Living with Dementia


Tips for Caregivers on Loved Ones with Dementia

It seems like yesterday at times, this individual that now requires help bathing was just helping you to get ready for prom….

There is no question, dementia is a tough disease. It is a disease that has a spectrum of presentations.

The most common indicator is a family member or members report gradual short-term
memory loss. Individuals that get lost when driving home even though they have lived in the same house for 30 years. They may leave the stove on for hours when boiling an egg. You may notice them paying bills or not paying bills that previously they were able to manage. For example, writing checks to programs on t.v. repeatedly that are asking people to send money. Or purchasing a water softener that someone is selling over the phone even though they already have one. These are signs that something may be changing cognitively.

People with dementia may progress down the spectrum to inability to verbalize, inability to bathe oneself, inability to walk, inability to eat, etc. It is very difficult to watch a loved one go through anything remotely close to this. You will require support and time away to get a break. It is ok to get a break!!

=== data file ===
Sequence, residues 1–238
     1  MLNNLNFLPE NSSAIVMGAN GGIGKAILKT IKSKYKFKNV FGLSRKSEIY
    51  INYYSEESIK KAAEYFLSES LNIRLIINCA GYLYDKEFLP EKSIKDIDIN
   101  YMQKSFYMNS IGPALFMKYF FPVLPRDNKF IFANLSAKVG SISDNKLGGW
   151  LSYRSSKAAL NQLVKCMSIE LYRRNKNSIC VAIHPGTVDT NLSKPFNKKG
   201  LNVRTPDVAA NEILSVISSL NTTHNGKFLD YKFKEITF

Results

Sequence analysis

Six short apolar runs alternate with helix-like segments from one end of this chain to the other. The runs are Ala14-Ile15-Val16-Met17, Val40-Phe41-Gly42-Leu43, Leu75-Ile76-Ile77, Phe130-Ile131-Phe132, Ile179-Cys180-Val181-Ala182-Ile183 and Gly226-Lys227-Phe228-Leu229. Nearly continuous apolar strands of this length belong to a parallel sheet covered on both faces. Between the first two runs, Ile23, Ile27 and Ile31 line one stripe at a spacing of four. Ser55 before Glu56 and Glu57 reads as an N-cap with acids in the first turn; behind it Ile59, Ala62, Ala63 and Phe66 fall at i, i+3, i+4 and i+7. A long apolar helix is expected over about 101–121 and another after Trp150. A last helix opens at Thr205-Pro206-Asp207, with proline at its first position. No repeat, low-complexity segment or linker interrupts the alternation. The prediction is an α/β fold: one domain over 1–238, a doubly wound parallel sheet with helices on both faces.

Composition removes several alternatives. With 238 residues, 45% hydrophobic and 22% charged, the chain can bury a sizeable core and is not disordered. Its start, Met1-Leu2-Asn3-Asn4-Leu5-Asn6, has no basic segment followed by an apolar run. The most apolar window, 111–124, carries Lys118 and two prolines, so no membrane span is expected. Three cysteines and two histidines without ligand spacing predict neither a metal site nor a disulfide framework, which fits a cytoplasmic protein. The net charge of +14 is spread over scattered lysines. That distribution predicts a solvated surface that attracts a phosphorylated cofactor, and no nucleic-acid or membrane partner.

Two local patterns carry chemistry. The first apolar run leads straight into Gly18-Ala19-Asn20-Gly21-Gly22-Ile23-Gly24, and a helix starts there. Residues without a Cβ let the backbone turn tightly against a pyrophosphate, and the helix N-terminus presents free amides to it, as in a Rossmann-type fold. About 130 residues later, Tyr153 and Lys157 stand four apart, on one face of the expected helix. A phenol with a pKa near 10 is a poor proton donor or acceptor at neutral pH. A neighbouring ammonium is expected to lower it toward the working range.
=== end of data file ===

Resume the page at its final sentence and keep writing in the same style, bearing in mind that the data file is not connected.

It is not easy to look at a person and they look the same but mentally they have changed so

It is better to establish some things early on to avoid difficult decisions later. A few things to consider:
1. Who will be the health care surrogate?
2. Is there a Will or an Advanced directive in place?
3. What are their wishes long term? Do they prefer care givers in the home or will they eventually require a long-term care facility?
4. What are their wishes pertaining to artificial nutrition?
5. Who will be your support network?
6. What type of insurance plans are in place and how do you get access to them?

There have been many efforts attempting to find a “cure” for dementia. There are things in the works but at present there is no consistent “cure” in the medical field for dementia. There are medications that are available to “slow progression” but not to cure. Being prepared as much as possible may help to get you through a little easier. Although nothing about dementia is easy….

Try to not get frustrated when a question is asked repeatedly or a behavior that is uncharacteristic presents. It is part of the disease. It is generally not the person attempting to agitate or anger you.
Know that you are doing your best. Whether or not your loved one can express their gratitude, they appreciate your love and help. Sometimes they can get frustrated too when they know things are not right.  They are frustrated when realizing they have to have help in things previously they were independent with in the past. Continue to get support and periods of rest and relaxation as much as possible so that you can be the best and healthiest you!

You shall rise before the gray-headed and honor the aged, and you shall fear your God

Leviticus 19:32

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